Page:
Immigration head Martin Bowles has defended his department amid allegations of widespread visa fraud, saying he is investigating a leak of internal documents.
Fairfax newspapers have reported departmental documents show fraud relating to 90 per cent of skilled migration visas, stemming back to 2008.
Afghan visa applications are alleged to have a similar rate of suspected fraud, and there are concerns about criminal and national security implications.
Mr Bowles, the Secretary of the Immigration Department, says the allegations are serious and call into question the integrity of Australia’s migration and visa programs.
“These allegations, including that migration fraud is going undetected and is not being appropriately investigated, are of great concern to me,” he said in a statement.
The leaked immigration files showed repeated warnings that visa fraud and migration crime was widespread due to the collapse of the department’s investigation and enforcement capacity.
Mr Bowles says the Immigration Department is doing its utmost to combat fraud, but he says this is a “challenging space” and people will always try to thwart the system and enter Australia on a fraudulent basis.
“There is rigour in the department’s processes but there is also always room to improve,” he said.
The Department head says there will be an investigation into the leak of internal documents to journalists.
“I am looking into this as not only is it against the APS Code of Conduct and entirely inappropriate, such documents taken in isolation are not reflective of the full picture.”
Mr Bowles also says some of the material which has been published is out of date.
“Some of the documents and reports which were obtained by members of the media through Freedom of Information are several years old and do not reflect the work the department has done since those reports were published and is currently doing to combat fraud.”
Mr Bowles said the overwhelming majority of people who travelled or migrated to Australia did so lawfully.
“When the department receives information suggesting otherwise, it acts on it,” he said.
Scott Morrison says allegations pre-date the Abbott Government
Immigration Minister Scott Morrison says the allegations are serious, but appear to relate to Labor’s time in office.
Martin Bowles and Mr Morrison have both pointed to significant changes in the management of Australia’s borders since the Abbott Government came to power, such as the establishment of the Australia Border Force in May.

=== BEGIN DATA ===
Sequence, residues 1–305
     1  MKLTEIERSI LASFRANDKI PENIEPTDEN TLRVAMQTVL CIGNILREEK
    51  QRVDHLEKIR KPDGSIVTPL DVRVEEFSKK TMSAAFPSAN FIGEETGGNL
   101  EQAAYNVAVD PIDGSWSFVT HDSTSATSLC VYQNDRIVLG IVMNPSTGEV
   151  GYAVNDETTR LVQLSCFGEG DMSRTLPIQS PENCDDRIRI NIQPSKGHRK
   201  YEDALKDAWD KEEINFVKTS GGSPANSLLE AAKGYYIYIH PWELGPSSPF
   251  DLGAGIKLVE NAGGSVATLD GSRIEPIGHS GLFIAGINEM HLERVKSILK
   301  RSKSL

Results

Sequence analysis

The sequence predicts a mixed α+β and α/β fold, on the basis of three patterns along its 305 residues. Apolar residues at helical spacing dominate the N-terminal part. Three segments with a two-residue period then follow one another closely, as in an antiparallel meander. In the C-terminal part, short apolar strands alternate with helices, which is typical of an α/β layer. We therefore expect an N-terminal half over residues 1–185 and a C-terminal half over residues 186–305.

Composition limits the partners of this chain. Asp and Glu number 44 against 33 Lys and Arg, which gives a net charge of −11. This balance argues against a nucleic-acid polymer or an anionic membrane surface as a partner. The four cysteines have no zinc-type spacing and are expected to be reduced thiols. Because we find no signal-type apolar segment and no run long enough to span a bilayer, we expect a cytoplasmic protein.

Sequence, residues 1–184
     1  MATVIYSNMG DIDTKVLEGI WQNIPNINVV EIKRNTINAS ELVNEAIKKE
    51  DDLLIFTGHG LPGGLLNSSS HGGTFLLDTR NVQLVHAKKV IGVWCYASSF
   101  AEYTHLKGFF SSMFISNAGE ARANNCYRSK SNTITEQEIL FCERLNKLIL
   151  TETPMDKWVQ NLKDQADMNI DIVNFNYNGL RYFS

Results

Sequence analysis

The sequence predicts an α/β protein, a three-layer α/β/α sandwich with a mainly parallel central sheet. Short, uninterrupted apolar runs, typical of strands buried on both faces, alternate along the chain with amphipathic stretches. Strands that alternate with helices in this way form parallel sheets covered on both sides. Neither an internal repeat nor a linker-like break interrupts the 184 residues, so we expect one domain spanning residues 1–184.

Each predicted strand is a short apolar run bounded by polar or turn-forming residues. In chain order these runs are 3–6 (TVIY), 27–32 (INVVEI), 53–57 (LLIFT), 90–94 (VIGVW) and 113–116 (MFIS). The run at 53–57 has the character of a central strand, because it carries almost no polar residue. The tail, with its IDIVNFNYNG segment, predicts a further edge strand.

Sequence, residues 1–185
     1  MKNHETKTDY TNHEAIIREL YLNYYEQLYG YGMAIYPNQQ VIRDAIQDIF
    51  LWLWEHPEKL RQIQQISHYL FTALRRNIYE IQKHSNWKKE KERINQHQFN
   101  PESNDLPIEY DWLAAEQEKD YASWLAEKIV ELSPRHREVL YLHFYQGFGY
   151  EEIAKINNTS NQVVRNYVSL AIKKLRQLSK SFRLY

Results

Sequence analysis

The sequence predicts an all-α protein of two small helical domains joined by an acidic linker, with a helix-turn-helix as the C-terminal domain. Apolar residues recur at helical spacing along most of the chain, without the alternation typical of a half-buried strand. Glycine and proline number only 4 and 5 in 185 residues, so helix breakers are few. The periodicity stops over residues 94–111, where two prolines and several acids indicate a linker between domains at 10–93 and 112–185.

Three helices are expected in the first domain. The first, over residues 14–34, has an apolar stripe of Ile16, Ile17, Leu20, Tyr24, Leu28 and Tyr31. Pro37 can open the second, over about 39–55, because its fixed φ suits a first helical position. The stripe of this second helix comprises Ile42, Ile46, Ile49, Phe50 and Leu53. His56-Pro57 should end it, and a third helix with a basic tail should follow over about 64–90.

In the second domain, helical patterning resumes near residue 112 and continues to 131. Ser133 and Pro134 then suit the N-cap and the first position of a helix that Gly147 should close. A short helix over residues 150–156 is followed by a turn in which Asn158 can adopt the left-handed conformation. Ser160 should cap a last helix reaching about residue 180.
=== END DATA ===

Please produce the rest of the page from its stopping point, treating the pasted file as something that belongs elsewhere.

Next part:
Mr Morrison said the Government had increased the number of field visits by about 20 per cent, particularly for 457 visa integrity compliance.
“That has resulted in an increased number of warnings and various other cases taken forward,” he told Fairfax radio.
The organisation representing migration agents says new regulations brought in 12 months ago have toughened penalties for visa fraud.
“There are very strict migration regulations now that go to the identity of the person providing false and misleading documentation,” said Angela Chan from the Institute of Migration Agents.
“To the point that if people do this, they can be refused a visa. Or if they have been granted a visa, they can have their residence cancelled.”
Former Labor immigration minister Chris Bowen said every immigration system had to deal with fraud.
“We weren’t the first government to deal with immigration fraud and we won’t be the last,” he told reporters in Cairns.
Mr Bowen, now shadow treasurer, said Labor did all it could.
“We absolutely, in office, did not reduce resources to this. In fact, quite the contrary,” he said.
“[The Labor] government … implemented biometric testing, which is testing to make sure the people who were applying for a visa are the actual people they are claiming to be.”
The new allegations do not relate to asylum seekers who arrived by boat, an issue which has been the focus of the Government’s secretive Operation Sovereign Borders effort.
But Mr Morrison denied boats were a distraction for the department.
“Almost 1,200 people died at sea as a result of [arriving by boat], so you can deal with stopping the boats as well as dealing with these visa integrity issues,” he said.
Mr Morrison said ensuring the integrity of the skilled migration program was as important as stopping asylum seeker boats.
“It’s an important program for Australia, to have proper, skilled migration to Australia through a process with integrity, so people can come the right way and don’t rort it,” he said.
“I’m as serious about that as I am about stopping the boats.”
Head of Immigration defends department against visa fraud allegations